MOVE Magazine AEP PROFILE
Matt is currently working in London as an AEP, having started his own business there at the start of this year. Matt provides advice on moving overseas and the journey of taking Vitruvian Exercise Physiology to the UK.
Tell us about yourself, Matt?
My interest in learning about the body came directly from my own background in sport, swimming in particular. By the time I left school I was spending lots of time with allied health professionals and coaching staff. My interest was piqued and it was a natural progression for me to pursue this line of study. I graduated from Queensland University of Technology and began working initially with healthy populations. My interest then turned further towards musculoskeletal conditions and injury management and rehab.
Tell us about your journey of taking Vitruvian Exercise Physiology to the UK.
After graduating and initially working in Brisbane, I moved to London for the first time. I developed good connections in the industry and had a reasonably successful little business. I then moved back to Australia and worked in a sports medicine clinic, predominately with musculoskeletal and chronic disease management populations before setting up on my own in Brisbane.
Exercise physiology as a profession in Australia continues to move forward and it was good to dive back into the EP scene there.
In January 2018, I moved back to London, where I was determined to create a similar role for myself here.
What was one of biggest challenges you encountered when you first moved your EP business to London?
The biggest challenge to overcome with the move to the UK was/is the general lack of understanding and awareness of what an EP is and what our skill set is. Clients will often think ‘personal trainer’ initially as that is their reference point (and I do work with PT clients).
Regarding other professionals, the challenge is also the opportunity, and once they understand our qualifications and scope of practice it opens up avenues for referral and forming working relationships.
What has been a highlight for you so far since relocating?
Considering the time frame, I am very happy with the business currently. I work in Kensington and I receive referrals from GPs, physiotherapists, dietitians, and a private orthopaedic and sports medicine clinic. I’ve also worked with some elite athletes, including a dual Olympic Games swimmer.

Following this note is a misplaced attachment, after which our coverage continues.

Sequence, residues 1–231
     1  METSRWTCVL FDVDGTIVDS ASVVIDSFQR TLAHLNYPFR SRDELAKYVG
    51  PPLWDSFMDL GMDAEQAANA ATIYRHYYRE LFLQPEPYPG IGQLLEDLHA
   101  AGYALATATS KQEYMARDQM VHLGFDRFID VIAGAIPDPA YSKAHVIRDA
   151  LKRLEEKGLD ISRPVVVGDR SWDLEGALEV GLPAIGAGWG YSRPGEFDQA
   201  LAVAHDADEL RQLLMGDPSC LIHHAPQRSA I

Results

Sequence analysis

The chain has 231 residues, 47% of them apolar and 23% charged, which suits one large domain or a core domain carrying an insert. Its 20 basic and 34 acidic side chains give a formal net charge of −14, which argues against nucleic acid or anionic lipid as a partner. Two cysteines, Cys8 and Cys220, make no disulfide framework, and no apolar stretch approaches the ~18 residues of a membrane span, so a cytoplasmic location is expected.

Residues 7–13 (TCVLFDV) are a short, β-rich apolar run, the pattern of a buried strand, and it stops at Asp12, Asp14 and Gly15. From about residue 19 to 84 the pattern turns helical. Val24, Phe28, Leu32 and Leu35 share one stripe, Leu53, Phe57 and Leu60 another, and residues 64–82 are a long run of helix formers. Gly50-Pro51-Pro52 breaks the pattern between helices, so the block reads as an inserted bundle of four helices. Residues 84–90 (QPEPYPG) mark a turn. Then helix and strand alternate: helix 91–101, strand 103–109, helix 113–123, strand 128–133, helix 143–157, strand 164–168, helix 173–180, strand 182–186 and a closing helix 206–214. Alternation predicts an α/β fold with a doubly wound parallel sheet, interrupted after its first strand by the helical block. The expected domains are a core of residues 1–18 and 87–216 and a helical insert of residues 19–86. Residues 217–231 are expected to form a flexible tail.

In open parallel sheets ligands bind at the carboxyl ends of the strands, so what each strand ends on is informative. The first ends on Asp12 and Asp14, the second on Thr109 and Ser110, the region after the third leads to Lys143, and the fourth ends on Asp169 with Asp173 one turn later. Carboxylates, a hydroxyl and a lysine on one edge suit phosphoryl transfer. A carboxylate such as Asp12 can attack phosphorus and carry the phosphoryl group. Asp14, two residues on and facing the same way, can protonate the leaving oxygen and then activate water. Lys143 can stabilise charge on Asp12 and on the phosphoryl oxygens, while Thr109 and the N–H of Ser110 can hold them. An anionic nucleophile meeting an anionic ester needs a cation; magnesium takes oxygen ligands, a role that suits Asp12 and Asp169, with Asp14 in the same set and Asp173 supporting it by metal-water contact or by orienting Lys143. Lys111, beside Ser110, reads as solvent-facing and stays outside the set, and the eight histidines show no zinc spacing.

How did you find your community in London reacted to exercise physiology?
The professional community have been mostly positive and many view having us here as an opportunity. To this point in time, it has been easier to integrate myself into the exercise rehab side of things as opposed to the chronic disease management side, however I am making positive steps in that direction.
You have also hired another Australian EP to work with you – how did you go about this process?
I am very lucky to have found another Australian EP over here who is now working alongside me. I actually went looking online and on social media to see if any Aussie EPs were working here and I stumbled upon Annabelle.
Where my focus is musculoskeletal conditions and injury/post-operative rehab, Annabelle’s focus is more with oncology, neural conditions and chronic disease management. Her knowledge and enthusiasm has allowed me to broaden the Vitruvian offering.
Why have you chosen to remain accredited and an ESSA member whilst working overseas?
I have maintained my ESSA membership and accreditation as I regularly use the resources this offers, particularly the journal database, but I also don’t know what the future holds and I may find myself back in Australia one day.
What advice do you have for other members who are thinking about taking their AEP business internationally?
As things stand currently and as I am aware, there isn’t an opportunity to arrive in the UK and step straight into a fixed role similar to our role in Australia. I have come over and attempted to create that role for myself. It has required patience and persistence but I do feel however, that things are changing and that a similar role will exist in the future.
At the end of November I will be attending the BASES (British Association of Sports & Exercise Science) Conference. BASES has a category now called a ‘Certified Exercise Practitioner’ which requires a sports science degree as minimum. I also noted during the registration process for the conference that ESSA had its own category, so it is pleasing to know the two national regulatory bodies are communicating with each other.
Link to full Article by MOVE MAGAZINE below: